The Medication Management Challenge

By Julie Fulmer-Mason, PharmD


  • 1.8 billion prescription medications dispensed annually in U.S.
  • Nearly 75% of Americans do not take their medications as prescribed
    • Causes 125,000 deaths per year
    • Accounts for 10% of all hospital admissions
    • Direct result of 23% of new admissions to assisted living-type facilities
    • Costs US health care system about $290 billion per year

The Solutions
8 Ways to Improve Your Medication Adherence

Get Organized

  • Keep ALL active medications in one location and in their original containers.
  • Store medications in dry environment
    • Away from bathroom humidity, heat/steam in kitchen, moisture in refrigerator, direct sunlight
    • Liberate yourself from your pill bottles
  • Use an organizational system (pill box)
    • Promotes mobility
    • Increases awareness of missed doses and need to order refills

Dispose Unwanted/Expired Medications

  • Do not flush down toilet or sink.
  • Mix with unpleasant substance (kitty litter or coffee grounds), put in sealed container and dispose in trash
  • Call your garbage/recycling company for local services
  • Federal Drug Take-Back Program
    • Occurs about twice a year
    • Call garbage/recycling company for nearest location
    • Walgreens medication disposal envelope ($4.00)

Initiate Medication Reminder System

  • Dramatically reduces chance of missed doses
  • Coordinate medication taking with routine daily activities
  • For medication regimens dosed multiple times per day…
    • Utilize medication reminder alarm products
      • Electronic pill boxes or medication organizers
      • Cell phone apps
    • Make medications “mobile”

Limit Physicians Managing Medications

  • Communication between different physicians and different healthcare facilities is poor
  • Patients need to take proactive role of keeping ALL healthcare providers on same “playing field” in ensure quality care
  • Goal: Try to keep each medication under the control of one physician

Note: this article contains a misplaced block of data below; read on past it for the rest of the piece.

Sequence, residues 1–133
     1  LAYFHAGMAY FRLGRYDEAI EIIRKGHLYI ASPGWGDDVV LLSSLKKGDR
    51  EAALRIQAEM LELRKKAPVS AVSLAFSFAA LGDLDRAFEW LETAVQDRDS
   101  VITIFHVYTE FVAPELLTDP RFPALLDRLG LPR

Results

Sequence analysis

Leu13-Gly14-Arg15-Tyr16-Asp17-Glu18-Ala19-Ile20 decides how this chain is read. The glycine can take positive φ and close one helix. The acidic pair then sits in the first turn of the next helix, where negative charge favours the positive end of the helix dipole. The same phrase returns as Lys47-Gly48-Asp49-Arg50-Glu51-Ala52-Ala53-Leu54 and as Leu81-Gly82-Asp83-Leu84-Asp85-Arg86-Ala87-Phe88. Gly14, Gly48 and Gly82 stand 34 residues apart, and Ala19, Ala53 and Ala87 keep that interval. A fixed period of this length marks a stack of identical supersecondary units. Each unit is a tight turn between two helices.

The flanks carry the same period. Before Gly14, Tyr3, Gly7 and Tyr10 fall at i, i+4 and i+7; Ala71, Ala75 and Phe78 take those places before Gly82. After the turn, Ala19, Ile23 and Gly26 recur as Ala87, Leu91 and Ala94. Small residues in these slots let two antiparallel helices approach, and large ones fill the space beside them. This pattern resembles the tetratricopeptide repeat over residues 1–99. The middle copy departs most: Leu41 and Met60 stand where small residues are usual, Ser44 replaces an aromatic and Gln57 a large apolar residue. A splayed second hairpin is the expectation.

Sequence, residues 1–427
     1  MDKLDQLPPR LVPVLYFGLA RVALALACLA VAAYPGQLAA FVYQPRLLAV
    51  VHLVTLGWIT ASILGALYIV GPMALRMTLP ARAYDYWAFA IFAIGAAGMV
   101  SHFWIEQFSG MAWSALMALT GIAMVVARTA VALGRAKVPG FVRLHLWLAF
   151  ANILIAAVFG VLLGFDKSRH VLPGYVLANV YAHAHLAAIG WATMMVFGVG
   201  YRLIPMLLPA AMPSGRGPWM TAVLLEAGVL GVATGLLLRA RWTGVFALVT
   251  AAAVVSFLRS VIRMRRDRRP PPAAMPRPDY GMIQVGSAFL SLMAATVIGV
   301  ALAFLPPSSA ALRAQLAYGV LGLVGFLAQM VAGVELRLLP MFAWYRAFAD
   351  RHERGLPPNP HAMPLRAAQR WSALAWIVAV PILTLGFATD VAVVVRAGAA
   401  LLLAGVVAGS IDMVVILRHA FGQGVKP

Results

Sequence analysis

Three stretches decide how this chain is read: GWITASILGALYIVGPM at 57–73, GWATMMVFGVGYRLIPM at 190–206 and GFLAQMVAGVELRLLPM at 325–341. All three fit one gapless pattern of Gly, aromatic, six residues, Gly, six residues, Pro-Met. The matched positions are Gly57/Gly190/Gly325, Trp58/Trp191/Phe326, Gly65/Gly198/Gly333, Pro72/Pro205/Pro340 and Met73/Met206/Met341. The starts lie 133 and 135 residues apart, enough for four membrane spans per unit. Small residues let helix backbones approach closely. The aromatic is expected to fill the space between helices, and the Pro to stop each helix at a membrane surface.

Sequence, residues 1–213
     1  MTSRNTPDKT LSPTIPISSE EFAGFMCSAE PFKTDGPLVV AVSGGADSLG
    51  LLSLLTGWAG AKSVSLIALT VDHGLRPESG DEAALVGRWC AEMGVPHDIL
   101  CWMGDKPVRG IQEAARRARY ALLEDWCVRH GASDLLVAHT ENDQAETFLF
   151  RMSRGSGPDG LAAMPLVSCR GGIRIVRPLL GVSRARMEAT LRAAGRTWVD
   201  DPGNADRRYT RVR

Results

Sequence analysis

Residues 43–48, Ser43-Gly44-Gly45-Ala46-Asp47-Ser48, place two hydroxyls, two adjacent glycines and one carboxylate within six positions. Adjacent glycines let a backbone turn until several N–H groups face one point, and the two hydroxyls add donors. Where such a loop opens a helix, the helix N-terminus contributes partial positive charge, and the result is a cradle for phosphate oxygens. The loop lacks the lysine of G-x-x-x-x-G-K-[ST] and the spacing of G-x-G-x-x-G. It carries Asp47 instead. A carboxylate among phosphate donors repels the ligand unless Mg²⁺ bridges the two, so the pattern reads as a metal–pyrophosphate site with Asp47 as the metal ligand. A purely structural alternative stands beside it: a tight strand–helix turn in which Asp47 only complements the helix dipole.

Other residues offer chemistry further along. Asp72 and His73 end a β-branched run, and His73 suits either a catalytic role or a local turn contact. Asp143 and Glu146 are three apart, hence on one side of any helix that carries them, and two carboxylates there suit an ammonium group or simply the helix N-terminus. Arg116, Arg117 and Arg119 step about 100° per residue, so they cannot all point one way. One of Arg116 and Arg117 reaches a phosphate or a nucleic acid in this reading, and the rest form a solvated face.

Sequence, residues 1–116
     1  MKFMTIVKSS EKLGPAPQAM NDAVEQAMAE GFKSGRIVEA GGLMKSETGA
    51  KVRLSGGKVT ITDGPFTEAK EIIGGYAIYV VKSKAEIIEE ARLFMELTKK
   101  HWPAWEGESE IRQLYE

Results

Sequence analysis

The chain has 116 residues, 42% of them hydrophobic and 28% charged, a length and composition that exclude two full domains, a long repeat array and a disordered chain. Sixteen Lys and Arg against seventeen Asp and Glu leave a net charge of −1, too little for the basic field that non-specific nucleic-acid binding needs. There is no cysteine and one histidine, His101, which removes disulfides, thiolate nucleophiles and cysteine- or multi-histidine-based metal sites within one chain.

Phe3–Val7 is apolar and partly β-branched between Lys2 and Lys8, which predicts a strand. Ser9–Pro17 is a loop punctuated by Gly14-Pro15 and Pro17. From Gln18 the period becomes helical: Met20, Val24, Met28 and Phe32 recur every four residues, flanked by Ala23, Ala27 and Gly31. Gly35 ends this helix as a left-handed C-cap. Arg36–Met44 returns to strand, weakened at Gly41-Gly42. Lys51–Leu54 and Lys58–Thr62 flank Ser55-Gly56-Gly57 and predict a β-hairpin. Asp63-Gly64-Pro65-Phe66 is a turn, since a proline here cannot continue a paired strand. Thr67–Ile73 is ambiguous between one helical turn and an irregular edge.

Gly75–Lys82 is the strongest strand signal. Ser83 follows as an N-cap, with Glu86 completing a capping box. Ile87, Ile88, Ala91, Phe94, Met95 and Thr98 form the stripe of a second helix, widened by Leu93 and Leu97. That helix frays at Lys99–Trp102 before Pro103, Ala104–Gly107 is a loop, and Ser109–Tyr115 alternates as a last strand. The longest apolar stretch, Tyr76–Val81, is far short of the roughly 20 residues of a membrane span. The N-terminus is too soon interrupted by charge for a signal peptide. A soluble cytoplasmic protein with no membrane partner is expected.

• A medication managed by multiple physicians increases risk of…
    • Inaccurate medication records
    • Duplication of therapy

Provide Home Medication List

  • At EVERY visit, provide list of prescription/ over-the-counter medications and vitamins
  • For each medication or vitamin, include…
    • Brand AND generic name
    • Dosage Strength
    • How you take it
    • Use calendar for “as needed” medications
      • Record date, time, and dosage strength taken
      • Helps to assess effectiveness of therapy

Ask Questions

  • YOU are in charge of your health, never be intimidated to question the care you receive
  • Engage your physician/pharmacist to review your medications at every visit…
    • Is it still necessary to continue some medications?
    • Can some medications be replaced with a combination product?
    • Do any of your medications come as a long-acting formulation?
    • Ask for alternatives if you cannot afford medications

Use One Pharmacy

  • Record of all dispensed prescriptions and refill dates in one place
  • Improves a pharmacist’s ability to catch…
    • Drug Interactions
    • Duplications of Therapy
    • Better coordination of refill dates
  • Establishes a personal relationship with a pharmacist
    • Possesses significant wealth of information
    • Offers free consultations, no appointment needed

Keep It Simple!

  • Studies show the incidence of missed doses increases dramatically the more times you take medication per day
  • Unless directed otherwise, take your medications NO MORE than 4 times per day
  • Consult your pharmacist to determine...
    • Which medications can/can not be taken together
    • The best time of the day to take certain medications


Julie Fulmer-Mason, received her Doctorate in Pharmacy from the University of California – San Francisco in 1998, and has practiced as a Clinical Pharmacist in the Veterans Affairs (VA) Healthcare System and the pharmaceutical industry. From her days of working at the VA Hospital in Palo Alto, California, a multitude of patients were referred to Julie with medication compliance issues.  A specific relationship forged with a patient inspired Julie to design and invent the MedFolio medication management device. You can visit her website at



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